Flanders Fields Museum Archives - St. Stephen's University

Life in War…

By | 2011, Europe | No Comments

The Flander’s Fields Museum and Tyne Cot Cemetery impacted me so much more than I thought that they would. I have always had a kind of compassion for people in the armed forces; my grandfather was in the Navy in WWII (joining at only 18), and he almost never spoke about his time there. Growing up with this silent subject in my home gave a sense of reverence for the power and weight war has on those in the battle front. So, coming to these memorial sites with this foundation set me up for an emotional experience that I was not expecting. The stories and the gravestones broke my heart.
It would be so incredibly hard to live through a reality that was so horrific and have people back home be unable to understand what it was like out there. No matter how hard you try, you can’t truly understand something that you haven’t experienced. No wonder people have so much trouble coming back home. It would leave you with such a sense of loneliness to be surrounded by people who didn’t know what hardships you had been through.
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While wandering through the cemetery, my eyes were continually welling up with tears as I read the ages of the soldiers who died fighting in the Great War. 19, 20, 19, 22, 21… they were children; young boys who were willing to lay down their lives for their nations. I can’t imagine the state of mind the young people would have had to come to in that place, especially when I think that I and many of my friends are that age ourselves and live in such a different reality.
I can’t put into words all the thoughts that are swimming around in my head.. There are so many situations I can’t understand because I’ve never been in that place of desperation where I’ve had to go beyond the limits of a comfortable life. Although I’ll never be able to completely understand things I’ve never gone through, I think the questions I have are continually opening my eyes to new concepts and perspectives.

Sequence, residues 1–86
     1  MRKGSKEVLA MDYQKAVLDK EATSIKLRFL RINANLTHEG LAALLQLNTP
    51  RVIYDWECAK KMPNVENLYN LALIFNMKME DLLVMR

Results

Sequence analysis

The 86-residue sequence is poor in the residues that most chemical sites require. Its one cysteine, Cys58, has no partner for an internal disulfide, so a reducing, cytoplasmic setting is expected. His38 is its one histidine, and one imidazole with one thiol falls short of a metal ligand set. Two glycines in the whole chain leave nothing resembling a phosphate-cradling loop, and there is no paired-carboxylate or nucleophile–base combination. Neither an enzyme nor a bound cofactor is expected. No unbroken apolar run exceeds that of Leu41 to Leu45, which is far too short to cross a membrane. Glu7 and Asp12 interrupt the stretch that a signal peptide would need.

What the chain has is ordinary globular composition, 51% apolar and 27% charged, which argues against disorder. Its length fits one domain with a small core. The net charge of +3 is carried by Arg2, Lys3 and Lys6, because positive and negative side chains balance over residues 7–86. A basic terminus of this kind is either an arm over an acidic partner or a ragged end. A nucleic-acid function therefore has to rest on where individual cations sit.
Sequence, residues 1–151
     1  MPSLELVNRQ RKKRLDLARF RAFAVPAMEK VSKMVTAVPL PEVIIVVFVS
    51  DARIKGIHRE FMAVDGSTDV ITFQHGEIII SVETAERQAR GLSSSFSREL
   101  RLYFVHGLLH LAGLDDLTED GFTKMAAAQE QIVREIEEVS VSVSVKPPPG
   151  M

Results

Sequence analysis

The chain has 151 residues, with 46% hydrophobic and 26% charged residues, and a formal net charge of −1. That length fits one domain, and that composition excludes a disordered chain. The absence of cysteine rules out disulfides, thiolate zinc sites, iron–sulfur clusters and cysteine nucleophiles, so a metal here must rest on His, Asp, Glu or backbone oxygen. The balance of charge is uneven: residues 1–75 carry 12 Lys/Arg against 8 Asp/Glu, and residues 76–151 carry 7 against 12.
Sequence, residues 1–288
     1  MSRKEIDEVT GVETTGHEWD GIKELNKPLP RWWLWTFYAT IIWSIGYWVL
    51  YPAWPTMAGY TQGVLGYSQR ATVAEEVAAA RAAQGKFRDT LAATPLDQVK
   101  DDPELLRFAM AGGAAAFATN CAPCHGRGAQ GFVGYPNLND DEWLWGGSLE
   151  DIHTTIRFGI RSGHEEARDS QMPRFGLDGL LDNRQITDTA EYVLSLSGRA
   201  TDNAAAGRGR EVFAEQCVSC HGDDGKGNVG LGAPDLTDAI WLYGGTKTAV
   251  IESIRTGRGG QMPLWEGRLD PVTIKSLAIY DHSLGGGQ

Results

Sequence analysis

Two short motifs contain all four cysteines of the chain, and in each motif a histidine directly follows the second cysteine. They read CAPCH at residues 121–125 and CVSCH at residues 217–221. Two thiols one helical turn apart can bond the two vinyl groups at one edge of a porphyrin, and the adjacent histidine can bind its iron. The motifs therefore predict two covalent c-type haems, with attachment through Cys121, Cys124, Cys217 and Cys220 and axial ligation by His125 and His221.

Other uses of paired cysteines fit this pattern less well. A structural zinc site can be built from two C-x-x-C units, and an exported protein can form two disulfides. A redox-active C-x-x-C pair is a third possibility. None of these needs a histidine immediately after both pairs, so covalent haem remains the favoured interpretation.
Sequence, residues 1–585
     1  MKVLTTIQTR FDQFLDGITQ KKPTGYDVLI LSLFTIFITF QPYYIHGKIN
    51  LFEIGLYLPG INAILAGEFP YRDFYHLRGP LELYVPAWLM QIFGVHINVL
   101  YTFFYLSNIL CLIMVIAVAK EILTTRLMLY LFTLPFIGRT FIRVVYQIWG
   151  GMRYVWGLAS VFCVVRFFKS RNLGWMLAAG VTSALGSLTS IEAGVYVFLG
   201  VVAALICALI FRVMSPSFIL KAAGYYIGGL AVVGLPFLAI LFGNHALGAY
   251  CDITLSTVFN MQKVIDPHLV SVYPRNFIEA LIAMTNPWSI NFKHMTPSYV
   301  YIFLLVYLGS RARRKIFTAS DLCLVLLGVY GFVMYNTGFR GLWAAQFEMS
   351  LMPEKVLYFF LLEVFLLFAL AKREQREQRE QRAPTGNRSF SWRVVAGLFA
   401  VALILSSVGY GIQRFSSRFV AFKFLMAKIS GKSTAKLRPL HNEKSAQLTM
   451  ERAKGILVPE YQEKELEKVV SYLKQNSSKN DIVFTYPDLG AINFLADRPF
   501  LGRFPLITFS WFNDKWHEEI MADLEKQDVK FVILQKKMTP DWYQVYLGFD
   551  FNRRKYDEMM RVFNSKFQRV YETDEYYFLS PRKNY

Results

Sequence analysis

Who knows where they”ll take me.

– Moriah


By | 2010, Europe | No Comments
We now are in Belgium and have recently been visiting some Word War I sites and memorials. First there was Vimy Ridge in France, which is technically a part of Canada, followed by Ypres, Passchendaele, as well as other sites in  Belgium. I was expecting to be mournful over the soldiers that died, or maybe to feel some nationalistic pride for Canadian achievements in the war, but instead I felt mostly anger.
This angry reaction was not to the war itself, but to the way that the memorials and tour guides portrayed the war. One of our courses on this trip is based around myth and the idea of a hero, a theme that I could sense greatly at these sites.  In my opinion, the mythical hero is what allows war to continue; this myth makes young men and women think that if they go to war that maybe they too will become heroes. This myth masks the reality of a soldier’s role which is ugly and largely full of futility. These dead soldiers are praised and idealized, but should they be?
Dan T.